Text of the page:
Digital Dark Age
An overview for the Humanities and Social Sciences
1_Let’s start with a Futurology exercise
The possibility of a Digital Dark Age worries computer scientists, archivists, and librarians, but it also concerns humanists and social scientists.
The absence of access to digital data and cultural products due to the obsolescence of technologies used for today’s communication, entertainment, work, production and circulation of scientific knowledge is an imminent risk.
Preserving digital content is an emergent emergency, which becomes urgent as social appropriations of digital technologies increase. This complex phenomenon requires the special attention of scholars from humanities and social sciences, who may approach this problem by going beyond its technical dimension.
From the digitization of archives and the intensification of social practices across digital platforms emerges the need for studies and practical actions towards an understanding of the future of digital information.
This report is based on texts and interviews with experts in this and related topics. Here we provide an overview of this emergent and urgent problem and present suggestions for prevention.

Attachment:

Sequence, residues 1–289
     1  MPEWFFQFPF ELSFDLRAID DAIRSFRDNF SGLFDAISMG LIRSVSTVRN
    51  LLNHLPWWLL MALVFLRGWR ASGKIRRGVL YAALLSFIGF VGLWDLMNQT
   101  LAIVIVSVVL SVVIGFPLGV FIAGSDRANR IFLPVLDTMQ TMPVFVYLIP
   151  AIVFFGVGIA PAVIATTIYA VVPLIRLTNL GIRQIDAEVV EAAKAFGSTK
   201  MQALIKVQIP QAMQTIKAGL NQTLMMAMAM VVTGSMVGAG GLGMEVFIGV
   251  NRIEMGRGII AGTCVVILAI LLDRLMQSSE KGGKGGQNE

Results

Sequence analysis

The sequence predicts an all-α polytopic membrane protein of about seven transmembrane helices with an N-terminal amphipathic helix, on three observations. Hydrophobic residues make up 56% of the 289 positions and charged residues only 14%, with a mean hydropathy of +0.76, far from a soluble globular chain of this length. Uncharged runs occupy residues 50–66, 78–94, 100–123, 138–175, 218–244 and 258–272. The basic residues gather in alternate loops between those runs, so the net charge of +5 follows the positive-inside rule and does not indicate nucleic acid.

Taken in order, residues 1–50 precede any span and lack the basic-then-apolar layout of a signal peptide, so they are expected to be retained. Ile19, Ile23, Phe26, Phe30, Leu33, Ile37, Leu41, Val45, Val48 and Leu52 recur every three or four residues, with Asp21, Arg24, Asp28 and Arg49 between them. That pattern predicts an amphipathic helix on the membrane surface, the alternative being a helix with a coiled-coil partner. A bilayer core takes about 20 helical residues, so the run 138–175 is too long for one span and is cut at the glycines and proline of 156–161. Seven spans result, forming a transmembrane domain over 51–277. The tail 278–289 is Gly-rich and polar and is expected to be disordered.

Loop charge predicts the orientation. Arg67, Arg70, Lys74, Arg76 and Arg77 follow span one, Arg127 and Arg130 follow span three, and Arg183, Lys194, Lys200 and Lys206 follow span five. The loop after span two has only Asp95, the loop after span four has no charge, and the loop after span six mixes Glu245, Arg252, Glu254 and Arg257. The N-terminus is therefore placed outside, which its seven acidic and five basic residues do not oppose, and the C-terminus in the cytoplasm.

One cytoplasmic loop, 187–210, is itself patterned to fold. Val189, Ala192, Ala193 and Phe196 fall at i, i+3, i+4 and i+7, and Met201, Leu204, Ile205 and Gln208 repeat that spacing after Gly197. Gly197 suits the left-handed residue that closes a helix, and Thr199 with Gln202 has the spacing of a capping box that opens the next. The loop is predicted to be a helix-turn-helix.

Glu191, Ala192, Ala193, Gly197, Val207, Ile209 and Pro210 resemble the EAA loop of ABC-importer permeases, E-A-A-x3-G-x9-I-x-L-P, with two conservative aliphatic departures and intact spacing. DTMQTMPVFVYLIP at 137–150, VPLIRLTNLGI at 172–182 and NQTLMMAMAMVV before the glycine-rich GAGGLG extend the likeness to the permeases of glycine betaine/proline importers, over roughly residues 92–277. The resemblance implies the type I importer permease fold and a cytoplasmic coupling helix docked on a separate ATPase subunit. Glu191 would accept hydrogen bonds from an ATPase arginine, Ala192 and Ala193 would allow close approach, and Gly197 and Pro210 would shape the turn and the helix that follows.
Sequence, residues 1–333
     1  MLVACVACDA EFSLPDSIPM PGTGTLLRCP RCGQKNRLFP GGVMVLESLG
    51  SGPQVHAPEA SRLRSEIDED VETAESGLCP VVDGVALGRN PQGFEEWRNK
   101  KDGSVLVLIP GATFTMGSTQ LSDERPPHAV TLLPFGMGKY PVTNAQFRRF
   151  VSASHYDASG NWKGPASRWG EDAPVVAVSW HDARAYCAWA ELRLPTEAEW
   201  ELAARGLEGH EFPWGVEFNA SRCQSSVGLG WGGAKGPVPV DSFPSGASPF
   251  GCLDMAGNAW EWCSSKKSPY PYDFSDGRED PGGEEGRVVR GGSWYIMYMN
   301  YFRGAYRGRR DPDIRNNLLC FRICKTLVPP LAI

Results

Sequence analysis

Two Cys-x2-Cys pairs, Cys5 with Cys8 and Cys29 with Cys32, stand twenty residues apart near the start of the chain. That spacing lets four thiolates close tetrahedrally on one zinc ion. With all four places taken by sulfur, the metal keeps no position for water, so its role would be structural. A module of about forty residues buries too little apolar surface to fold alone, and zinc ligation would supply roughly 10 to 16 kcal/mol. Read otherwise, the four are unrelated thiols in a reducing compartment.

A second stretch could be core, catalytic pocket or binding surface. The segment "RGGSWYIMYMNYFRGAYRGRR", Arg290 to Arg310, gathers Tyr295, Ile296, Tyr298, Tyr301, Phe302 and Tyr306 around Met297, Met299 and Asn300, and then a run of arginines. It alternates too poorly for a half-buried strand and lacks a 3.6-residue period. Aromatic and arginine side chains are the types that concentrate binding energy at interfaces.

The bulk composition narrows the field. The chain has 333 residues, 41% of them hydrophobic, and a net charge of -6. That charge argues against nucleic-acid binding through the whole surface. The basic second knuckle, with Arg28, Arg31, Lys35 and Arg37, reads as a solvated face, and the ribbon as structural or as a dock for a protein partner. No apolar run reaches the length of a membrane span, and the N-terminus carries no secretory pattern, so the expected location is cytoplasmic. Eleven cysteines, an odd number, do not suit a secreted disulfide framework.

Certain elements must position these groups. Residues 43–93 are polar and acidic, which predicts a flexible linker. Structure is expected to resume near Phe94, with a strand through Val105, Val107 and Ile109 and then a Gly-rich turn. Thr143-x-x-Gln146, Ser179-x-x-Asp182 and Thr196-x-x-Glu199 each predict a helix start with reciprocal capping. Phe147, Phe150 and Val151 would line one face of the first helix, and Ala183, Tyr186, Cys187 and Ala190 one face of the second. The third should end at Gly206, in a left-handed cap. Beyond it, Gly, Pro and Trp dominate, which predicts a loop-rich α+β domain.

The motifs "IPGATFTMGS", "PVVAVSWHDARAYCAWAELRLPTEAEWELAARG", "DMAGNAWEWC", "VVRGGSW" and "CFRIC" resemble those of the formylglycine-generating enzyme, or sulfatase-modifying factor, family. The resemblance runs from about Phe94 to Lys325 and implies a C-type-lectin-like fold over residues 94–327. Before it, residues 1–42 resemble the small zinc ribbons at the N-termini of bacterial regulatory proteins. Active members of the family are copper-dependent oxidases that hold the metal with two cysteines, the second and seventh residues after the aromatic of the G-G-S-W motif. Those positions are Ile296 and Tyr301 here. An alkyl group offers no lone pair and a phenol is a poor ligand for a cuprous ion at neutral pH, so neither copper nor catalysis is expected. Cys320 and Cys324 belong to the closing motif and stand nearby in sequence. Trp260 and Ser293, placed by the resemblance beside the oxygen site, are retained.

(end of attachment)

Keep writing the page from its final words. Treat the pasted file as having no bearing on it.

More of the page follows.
Imagine two scholars working in the field of humanities in 2080. Nina and John have an interdisciplinary approach; this is appropriate for the academic period in which they live. They share a common interest in understanding social and cultural life in the first part of the 21st century. The “Information Age,” however, challenges and imposes constraints upon those willing to generate knowledge about it. Here starts the (fictional) history of our fellows from the future.
Welcome to the 2080’s Scholarship in Humanities and Social Sciences
John deals with Creative Processes in Literature, which is the theme of his PhD research. This scholar proposes an analysis of books written by Nobel Prize winners between 2005 and 2015. Unfortunately, these writers are not able to narrate their reminiscences in 2080. Biographies and books can be easily found, but raw materials (i. e. manuscripts and messages sent through e-mail to editors and other people who provided the authors with ideas and suggestions) are gone. John faces a serious methodological problem. Some libraries and archives around the world still preserve letters, manuscripts and diaries of important writers, but not the digital messages that replaced traditional mail in the 21st century.